The premium to gross domestic product (GDP) ratio in Turkey is low, demonstrating potential for growth in the future.8 The ratio of gross premiums, which has increased by 19 per cent since 2012, constitutes only 1.5 per cent of GDP.9 The goal of the insurance sector is to generate up to 63 million lira in premiums by 2023.10 Despite growing awareness of insurance, the Turkish insurance market is still under-penetrated and there is a significant lack of legal and practical experience, particularly with respect to various types of policies, including directors’ and officers’ liability insurance, employee infidelity, commercial crime and various aspects of complex policies, such as all-risks construction and engineering policies.
ii The legal landscape for insurance and reinsurance disputes
Enforcement through the Turkish court system is a lengthy process. Subject to a monetary limit, insurance disputes are handled by general first instance commercial courts. Lack of sufficient experience and specialisation, coupled with the inadequacy of the legislative provisions of the old Commercial Code (replaced by the new Turkish Commercial Code (TCC) as of 1 July 2012), as well as case law leads, in addition to other hurdles of Turkish litigation, to a considerable level of uncertainty with respect to the outcome of court proceedings.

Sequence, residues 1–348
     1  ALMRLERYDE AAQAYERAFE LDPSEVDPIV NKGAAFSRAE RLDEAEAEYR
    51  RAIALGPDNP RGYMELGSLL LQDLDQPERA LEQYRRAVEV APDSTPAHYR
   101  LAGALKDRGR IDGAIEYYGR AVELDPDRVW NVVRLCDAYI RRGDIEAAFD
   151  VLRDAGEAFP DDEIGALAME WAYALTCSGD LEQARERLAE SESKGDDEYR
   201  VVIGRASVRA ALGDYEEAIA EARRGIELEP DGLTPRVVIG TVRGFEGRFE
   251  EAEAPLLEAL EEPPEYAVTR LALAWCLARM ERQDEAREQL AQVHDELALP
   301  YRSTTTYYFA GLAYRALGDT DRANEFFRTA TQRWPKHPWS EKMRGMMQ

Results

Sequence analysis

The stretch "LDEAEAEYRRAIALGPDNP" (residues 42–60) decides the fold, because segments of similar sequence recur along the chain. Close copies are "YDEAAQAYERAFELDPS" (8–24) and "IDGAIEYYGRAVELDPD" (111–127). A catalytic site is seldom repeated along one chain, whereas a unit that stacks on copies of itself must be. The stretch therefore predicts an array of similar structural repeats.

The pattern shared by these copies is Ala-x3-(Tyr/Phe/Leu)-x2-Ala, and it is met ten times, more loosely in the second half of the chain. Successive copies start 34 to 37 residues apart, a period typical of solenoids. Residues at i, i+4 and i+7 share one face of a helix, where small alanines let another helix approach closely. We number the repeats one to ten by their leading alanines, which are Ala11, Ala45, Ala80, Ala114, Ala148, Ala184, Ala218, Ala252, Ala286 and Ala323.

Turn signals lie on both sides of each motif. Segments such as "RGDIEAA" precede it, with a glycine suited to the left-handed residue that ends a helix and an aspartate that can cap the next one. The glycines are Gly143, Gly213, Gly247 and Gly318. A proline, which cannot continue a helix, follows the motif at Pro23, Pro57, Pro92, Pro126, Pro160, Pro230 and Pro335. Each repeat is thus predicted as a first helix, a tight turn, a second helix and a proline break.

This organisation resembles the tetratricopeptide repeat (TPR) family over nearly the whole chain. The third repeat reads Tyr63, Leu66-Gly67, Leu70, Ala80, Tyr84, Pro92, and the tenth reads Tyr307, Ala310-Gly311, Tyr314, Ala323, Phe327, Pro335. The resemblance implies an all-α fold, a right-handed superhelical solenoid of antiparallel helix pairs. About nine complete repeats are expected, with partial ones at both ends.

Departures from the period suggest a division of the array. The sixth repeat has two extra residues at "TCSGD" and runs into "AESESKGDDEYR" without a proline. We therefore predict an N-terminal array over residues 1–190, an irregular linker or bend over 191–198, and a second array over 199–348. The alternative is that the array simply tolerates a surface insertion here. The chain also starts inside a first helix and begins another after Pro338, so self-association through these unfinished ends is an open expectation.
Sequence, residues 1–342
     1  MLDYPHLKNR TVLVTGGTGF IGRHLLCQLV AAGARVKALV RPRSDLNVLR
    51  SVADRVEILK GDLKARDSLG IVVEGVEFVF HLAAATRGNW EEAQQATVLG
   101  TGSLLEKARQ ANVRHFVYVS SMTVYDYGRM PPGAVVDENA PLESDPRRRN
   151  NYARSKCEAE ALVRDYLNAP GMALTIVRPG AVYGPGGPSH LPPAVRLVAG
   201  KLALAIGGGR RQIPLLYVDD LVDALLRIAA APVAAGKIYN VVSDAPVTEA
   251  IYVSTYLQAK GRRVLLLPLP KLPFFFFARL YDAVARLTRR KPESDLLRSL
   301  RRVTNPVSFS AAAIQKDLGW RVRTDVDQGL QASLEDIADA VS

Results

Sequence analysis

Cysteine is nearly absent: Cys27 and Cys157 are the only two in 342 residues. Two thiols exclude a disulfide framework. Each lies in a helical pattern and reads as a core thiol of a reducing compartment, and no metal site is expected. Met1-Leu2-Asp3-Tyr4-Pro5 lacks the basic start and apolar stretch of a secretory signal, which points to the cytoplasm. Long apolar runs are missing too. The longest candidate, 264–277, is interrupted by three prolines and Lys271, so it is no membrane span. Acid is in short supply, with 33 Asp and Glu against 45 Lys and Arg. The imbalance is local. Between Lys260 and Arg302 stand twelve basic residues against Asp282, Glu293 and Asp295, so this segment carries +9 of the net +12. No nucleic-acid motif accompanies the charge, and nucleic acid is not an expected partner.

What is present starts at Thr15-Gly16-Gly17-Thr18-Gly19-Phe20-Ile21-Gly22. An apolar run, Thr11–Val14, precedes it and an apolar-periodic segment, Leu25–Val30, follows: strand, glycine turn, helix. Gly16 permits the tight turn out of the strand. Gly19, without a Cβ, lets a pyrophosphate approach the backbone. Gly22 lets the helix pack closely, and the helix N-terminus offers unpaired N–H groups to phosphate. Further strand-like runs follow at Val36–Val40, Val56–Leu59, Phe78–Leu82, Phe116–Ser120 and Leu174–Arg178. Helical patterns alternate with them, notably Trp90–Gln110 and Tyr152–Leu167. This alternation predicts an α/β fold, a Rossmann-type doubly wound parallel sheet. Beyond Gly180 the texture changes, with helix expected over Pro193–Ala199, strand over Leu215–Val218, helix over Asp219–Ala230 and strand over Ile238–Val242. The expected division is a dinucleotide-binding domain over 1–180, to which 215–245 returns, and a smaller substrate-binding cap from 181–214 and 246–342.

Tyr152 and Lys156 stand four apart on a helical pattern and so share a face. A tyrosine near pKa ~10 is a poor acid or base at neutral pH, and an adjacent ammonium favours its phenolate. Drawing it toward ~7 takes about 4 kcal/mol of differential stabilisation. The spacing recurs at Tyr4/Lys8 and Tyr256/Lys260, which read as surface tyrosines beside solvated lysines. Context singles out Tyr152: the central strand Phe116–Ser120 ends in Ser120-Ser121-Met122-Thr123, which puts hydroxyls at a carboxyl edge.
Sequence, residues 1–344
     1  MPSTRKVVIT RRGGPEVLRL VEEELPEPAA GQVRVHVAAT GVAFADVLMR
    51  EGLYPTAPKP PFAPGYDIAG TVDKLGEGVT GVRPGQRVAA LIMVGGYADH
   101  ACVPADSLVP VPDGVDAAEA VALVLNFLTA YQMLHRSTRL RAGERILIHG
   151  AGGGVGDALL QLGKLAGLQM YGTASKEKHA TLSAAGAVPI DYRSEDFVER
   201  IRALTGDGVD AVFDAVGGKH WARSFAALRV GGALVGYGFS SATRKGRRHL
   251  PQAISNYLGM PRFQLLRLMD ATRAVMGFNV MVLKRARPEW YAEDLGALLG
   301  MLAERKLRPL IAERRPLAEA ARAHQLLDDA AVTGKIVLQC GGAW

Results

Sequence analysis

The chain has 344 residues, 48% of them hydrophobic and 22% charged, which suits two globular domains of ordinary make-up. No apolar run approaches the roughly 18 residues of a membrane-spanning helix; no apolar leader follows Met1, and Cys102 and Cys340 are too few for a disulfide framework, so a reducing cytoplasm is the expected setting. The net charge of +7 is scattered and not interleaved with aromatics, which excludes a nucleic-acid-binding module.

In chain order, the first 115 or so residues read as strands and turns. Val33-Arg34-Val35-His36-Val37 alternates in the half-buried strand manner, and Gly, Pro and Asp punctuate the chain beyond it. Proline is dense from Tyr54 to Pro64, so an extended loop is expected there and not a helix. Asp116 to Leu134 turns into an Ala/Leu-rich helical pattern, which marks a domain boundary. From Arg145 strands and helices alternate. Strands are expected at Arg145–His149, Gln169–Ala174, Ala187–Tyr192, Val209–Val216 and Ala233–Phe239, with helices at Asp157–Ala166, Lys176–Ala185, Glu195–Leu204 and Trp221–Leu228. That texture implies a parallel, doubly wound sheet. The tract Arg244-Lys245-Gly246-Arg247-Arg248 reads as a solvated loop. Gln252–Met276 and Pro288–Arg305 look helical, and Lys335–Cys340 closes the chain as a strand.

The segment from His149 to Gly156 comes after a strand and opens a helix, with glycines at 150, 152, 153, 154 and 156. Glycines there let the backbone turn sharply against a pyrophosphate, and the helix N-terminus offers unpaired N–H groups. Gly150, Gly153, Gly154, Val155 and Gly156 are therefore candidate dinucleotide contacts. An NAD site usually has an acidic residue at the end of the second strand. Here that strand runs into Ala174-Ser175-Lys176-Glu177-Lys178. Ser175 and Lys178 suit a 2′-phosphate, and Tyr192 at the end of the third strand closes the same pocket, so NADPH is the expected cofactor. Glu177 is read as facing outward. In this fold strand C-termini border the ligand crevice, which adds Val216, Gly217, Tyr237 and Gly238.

Out-of-court settlements are therefore frequently used. Courts cannot force parties to settlement or alternative dispute resolution but are required to remind them of their options at the end of the preliminary examination. Apart from arbitrary and voluntary settlement prospects, the legislature introduced a mandatory mediation preceding the court litigation (see Section IV.vi for more information about mediation).
In 2007, a voluntary insurance arbitration system was introduced. The total number of disputes settled by the Insurance Arbitration Commission reached 129,448 as at 31 December 2017,11 and 195,775 as at 30 September 2018.12 This dramatic and constant increase over the past years clearly reveals that arbitration is becoming more popular. Traffic insurance and car insurance disputes accounted for approximately 98 per cent of the applications.13